The temperature was heading rapidly toward the mid-90s and the humidity clung like a wet shawl as I drove up to E. D. Nixon elementary on a June morning to meet Camille Finley and Durden Dean.  Camille works for the Montgomery County school system coordinating their new pilot community school program and Dean is a school board member.

One of the truisms of education is that students from high poverty homes are more prone to struggle in school.  This is why it is hardly a surprise that the 76 “failing” schools in Alabama have a collective poverty rate of 71.5 percent–20 points higher than the state average.  This does not mean students in these situations have any less God-given talent as much as it means they come from home environments that are at a disadvantage in providing books to read, adequate medical and dental care, out of school experiences, etc.

This is where the community school concept comes into play.  Instead of concentrating all resources on just the classroom, such schools look at the whole child and try to meet as many needs as possible.

This is where Findley enters the equation.  She is the person cataloging the needs and rounding up resources to meet them.

Nixon and Davis elementary are the two pilots.  The free-reduced lunch rate at Davis is more than 20 points greater than the system average, Nixon is even higher.

One of the first efforts at both schools is a summer enrichment program that includes both academic and “fun” activities.  The month long session includes Project Based Learning where students gain knowledge and skills by working for an extended period of time to investigate and respond to complex questions.  There is also a focus on Science Technology Engineering Math (STEM) instruction.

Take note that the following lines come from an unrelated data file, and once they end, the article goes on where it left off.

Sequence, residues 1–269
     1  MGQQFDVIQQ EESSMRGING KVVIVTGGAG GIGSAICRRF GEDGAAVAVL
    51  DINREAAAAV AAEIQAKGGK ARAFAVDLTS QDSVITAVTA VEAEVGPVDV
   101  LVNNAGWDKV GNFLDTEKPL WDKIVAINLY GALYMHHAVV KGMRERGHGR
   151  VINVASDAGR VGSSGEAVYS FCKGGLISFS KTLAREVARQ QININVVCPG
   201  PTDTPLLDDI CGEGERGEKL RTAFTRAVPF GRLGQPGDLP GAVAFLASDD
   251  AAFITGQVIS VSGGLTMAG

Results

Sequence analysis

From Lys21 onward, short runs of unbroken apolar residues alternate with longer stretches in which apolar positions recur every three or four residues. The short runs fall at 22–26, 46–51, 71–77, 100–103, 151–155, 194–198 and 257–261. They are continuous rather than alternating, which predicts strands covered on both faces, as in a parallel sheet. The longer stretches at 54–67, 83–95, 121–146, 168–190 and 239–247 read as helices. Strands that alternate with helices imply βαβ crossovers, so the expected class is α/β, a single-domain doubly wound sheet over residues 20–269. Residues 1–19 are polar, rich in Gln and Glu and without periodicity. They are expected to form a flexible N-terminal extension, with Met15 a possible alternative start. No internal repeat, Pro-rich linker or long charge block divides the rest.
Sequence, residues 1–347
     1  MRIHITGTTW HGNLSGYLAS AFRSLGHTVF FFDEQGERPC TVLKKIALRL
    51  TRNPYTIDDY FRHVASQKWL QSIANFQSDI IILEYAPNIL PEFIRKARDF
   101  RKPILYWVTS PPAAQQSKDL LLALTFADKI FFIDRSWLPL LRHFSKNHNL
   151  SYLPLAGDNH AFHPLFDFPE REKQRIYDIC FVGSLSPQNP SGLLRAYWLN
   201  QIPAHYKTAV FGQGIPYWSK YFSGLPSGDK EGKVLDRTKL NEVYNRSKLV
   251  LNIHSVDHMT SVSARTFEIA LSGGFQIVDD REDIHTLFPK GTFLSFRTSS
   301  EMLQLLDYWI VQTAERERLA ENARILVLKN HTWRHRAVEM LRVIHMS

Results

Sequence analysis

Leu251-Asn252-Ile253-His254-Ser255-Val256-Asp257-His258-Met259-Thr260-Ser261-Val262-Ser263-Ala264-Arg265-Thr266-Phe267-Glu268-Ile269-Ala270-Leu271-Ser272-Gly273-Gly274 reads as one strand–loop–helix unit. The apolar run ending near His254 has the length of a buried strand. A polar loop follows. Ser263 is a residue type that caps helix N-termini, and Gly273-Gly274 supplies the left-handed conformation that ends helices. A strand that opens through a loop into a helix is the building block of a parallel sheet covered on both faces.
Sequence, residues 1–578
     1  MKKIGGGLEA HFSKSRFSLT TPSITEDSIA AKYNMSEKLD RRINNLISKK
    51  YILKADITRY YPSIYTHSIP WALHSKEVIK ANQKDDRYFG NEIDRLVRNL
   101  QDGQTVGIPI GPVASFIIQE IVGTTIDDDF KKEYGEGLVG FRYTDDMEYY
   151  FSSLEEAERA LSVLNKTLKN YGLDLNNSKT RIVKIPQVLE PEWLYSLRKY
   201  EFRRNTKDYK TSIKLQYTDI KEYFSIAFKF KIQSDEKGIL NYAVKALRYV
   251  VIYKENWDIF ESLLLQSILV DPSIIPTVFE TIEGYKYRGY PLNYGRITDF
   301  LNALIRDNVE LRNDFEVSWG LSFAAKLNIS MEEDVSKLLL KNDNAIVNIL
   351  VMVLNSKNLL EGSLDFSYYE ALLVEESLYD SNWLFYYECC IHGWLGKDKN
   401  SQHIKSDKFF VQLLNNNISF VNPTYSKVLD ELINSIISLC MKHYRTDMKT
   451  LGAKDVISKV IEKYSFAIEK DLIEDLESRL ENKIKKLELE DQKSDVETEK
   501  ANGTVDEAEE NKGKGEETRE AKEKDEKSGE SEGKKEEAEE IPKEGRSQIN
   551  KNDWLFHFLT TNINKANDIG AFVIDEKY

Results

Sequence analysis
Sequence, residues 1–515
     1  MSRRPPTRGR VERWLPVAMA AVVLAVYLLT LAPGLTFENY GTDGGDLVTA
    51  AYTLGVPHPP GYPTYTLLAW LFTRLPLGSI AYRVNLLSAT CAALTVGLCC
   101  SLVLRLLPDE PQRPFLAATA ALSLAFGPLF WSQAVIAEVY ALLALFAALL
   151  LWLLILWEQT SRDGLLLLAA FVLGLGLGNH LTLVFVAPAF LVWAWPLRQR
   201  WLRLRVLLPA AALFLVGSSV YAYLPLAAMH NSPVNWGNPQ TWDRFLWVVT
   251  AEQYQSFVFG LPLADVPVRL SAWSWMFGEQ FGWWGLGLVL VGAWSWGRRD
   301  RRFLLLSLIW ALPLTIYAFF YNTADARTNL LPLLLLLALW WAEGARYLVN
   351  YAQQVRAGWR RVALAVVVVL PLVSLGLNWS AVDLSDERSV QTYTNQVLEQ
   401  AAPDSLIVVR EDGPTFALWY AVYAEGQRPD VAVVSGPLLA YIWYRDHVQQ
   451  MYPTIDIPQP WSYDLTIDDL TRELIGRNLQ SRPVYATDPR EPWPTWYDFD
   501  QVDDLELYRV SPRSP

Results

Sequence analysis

In addition students have an opportunity to explore Zumba, photography, arts and crafts, chess, engineering, golf, etc.  In one class at Davis the students told me excitedly about the chicken coop out back.  And sure enough, there it was, complete with baby chicks.  In another class students were designing a new school brochure on computers.  Some were even learning how to make power point presentations.

A handful of work study high school and college students were busy working with their young pupils.  Helping them with reading, math and other subjects.

I’ve long been interested in the community school approach.  It just makes sense.  Luckily, more and more systems in the state are coming to understand the same thing and are beginning programs.

Thanks to Camille Findley and the support of Durden Dean and his fellow school board members, Montgomery is off to a great start.